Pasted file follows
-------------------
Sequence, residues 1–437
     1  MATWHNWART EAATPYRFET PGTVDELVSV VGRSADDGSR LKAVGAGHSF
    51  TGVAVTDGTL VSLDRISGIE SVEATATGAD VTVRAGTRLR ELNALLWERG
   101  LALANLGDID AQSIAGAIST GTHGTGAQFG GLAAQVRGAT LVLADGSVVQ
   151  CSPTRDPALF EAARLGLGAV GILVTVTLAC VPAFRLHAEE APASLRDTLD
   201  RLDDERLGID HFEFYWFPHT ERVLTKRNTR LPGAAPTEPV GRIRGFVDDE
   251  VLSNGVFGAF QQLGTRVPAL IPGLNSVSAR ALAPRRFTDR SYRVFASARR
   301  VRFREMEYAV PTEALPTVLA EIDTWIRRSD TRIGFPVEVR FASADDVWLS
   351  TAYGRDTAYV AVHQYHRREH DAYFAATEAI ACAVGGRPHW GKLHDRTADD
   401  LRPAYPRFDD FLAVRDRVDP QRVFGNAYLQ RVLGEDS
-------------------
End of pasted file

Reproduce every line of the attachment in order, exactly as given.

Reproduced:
Sequence, residues 1–437
     1  MATWHNWART EAATPYRFET PGTVDELVSV VGRSADDGSR LKAVGAGHSF
    51  TGVAVTDGTL VSLDRISGIE SVEATATGAD VTVRAGTRLR ELNALLWERG
   101  LALANLGDID AQSIAGAIST GTHGTGAQFG GLAAQVRGAT LVLADGSVVQ
   151  CSPTRDPALF EAARLGLGAV GILVTVTLAC VPAFRLHAEE APASLRDTLD
   201  RLDDERLGID HFEFYWFPHT ERVLTKRNTR LPGAAPTEPV GRIRGFVDDE
   251  VLSNGVFGAF QQLGTRVPAL IPGLNSVSAR ALAPRRFTDR SYRVFASARR
   301  VRFREMEYAV PTEALPTVLA EIDTWIRRSD TRIGFPVEVR FASADDVWLS
   351  TAYGRDTAYV AVHQYHRREH DAYFAATEAI ACAVGGRPHW GKLHDRTADD
   401  LRPAYPRFDD FLAVRDRVDP QRVFGNAYLQ RVLGEDS